Recent multi-stakeholder participatory foresight exercises conducted in two states of India (Uttarakhand and Odisha) identified several key driving forces of gender equality in agrifood systems. These include the level of co-operation within household, education of women, agricultural knowledge and skills, women’s agency, family support and guidance, women’s workloads, access to labor-saving technology, and collective action of women. Participants highlighted the gradual but slow shifts in constraining norms, but also emphasized the fact that significant efforts are needed for more transformative change (Puskur et al., 2023 forthcoming).
What are the key gaps, questions, and opportunities for further foresight research on this topic?
As noted by Lentz (2021), gender equality has not been adequately explored in foresight research both as a driver of food system transformation and as an outcome. When projecting outcomes of various scenarios, especially those examining technological interventions and management techniques, it is crucial to consider gender inequalities related to resource and services access, resilience capacities, and restrictive social norms. These factors can significantly impact women’s livelihood opportunities and their roles within food systems. There are several potential data sources that could be used to measure the level of gender inequality at the national and sub-national levels for foresight work, including nationally representative Labor Force Survey data, the OECD’s Social Institutions and Gender Index, the Global Data Lab’s Subnational Gender Development Index, Demographic and Health Surveys, and Women’s Empowerment in Agriculture Index data.
At the same time, foresight analysis can explore drivers of change for greater gender equality and women’s empowerment in agrifood systems. In particular, foresight modeling can help assess which food system investments and interventions are most effective at reducing gender inequalities and increasing women’s empowerment—e.g., closing gender gaps in resources such as land ownership, reaching more women with extension services and finance, or interventions to transform gender norms and relations. Foresight research could also explore how reducing gender inequalities may contribute to other positive food system outcomes, such as greater resilience to climate change, poverty reduction, and food security and nutrition.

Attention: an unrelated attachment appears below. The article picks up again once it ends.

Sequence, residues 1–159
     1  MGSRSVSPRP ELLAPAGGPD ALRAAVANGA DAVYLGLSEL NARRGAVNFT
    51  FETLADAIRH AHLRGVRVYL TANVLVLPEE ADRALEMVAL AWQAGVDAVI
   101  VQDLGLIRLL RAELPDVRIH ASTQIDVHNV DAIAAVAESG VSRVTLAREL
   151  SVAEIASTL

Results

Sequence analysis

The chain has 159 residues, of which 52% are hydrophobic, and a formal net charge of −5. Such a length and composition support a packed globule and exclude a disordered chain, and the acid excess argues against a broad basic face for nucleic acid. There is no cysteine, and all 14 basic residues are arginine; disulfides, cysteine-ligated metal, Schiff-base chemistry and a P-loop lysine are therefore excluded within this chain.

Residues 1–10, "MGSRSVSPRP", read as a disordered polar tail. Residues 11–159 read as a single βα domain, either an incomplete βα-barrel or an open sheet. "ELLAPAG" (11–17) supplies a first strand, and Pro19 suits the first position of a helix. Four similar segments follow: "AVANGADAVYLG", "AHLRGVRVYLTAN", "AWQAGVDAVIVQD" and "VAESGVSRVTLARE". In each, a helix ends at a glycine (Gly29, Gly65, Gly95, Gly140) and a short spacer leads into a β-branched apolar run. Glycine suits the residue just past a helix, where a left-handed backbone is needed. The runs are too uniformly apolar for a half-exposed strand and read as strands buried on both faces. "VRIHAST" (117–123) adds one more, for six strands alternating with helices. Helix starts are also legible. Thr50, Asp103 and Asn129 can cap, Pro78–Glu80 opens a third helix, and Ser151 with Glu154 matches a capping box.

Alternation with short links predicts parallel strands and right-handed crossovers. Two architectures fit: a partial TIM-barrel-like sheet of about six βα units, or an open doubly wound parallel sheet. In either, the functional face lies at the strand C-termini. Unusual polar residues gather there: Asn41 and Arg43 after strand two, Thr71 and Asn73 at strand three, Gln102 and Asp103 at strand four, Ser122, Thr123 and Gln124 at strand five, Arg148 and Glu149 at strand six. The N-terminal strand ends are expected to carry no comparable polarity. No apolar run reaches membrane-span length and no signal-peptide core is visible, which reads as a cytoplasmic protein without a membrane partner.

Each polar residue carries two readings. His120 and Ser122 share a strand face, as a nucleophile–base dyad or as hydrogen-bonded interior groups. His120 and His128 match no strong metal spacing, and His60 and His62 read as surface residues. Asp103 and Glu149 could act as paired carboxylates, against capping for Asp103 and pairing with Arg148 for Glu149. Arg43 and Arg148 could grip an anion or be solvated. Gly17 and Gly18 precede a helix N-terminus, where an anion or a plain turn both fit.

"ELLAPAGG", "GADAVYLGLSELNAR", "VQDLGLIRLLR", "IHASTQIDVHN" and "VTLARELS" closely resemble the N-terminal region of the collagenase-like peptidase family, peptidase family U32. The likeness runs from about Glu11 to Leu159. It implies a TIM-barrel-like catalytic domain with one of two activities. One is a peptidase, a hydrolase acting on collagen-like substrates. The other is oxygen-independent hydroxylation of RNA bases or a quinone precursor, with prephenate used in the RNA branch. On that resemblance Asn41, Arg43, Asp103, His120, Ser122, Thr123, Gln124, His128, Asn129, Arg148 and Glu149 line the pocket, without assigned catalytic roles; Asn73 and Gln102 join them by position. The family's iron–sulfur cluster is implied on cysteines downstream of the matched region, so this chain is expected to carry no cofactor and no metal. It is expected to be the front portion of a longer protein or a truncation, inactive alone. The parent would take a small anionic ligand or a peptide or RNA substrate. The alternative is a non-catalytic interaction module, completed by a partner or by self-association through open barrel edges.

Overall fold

Lastly, while data on gender inequalities in food systems and women’s empowerment have increased over the last 10 years, more sex-disaggregated data and impact evaluation studies are still needed for rigorous foresight research on gender equality in agrifood systems.
For more information on the topic, check out these resources:
This note was prepared by Elizabeth Bryan, Senior Scientist, and Marilia Magalhaes, Senior Research Analyst, Natural Resources and Resilience Unit, International Food Policy Research Institute (IFPRI), Ranjitha Puskur (Evidence Module Leader, CGIAR GENDER Impact Platform, and Gender Research Coordinator, International Rice Research Institute), Nicoline de Haan (Director, CGIAR GENDER Impact Platform), Els Lecoutere (Science Officer, CGIAR GENDER Impact Platform and Lead, Gender Equality Initiative (HER+)), and Hazel Malapit (Methods Module Leader, CGIAR GENDER Impact Platform, and Senior Research Coordinator, IFPRI).
If you have any feedback or questions about this note, please get in touch with Elizabeth Bryan (email@example.com).
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How did the COVID-19 crisis affect different types of workers in the developing world?
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Quisumbing, A., S. Cole, M. Elias, S. Faas, A. Galiè, H. Malapit, R. Meinzen-Dick, E. Myers, G. Seymour, J. Twyman. 2023. Measuring Women’s Empowerment in Agriculture: Innovations and Evidence. Global Food Security, 38: 100707. https://doi.org/10.1016/j.gfs.2023.100707
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Photo: UN Women/Narendra Shrestha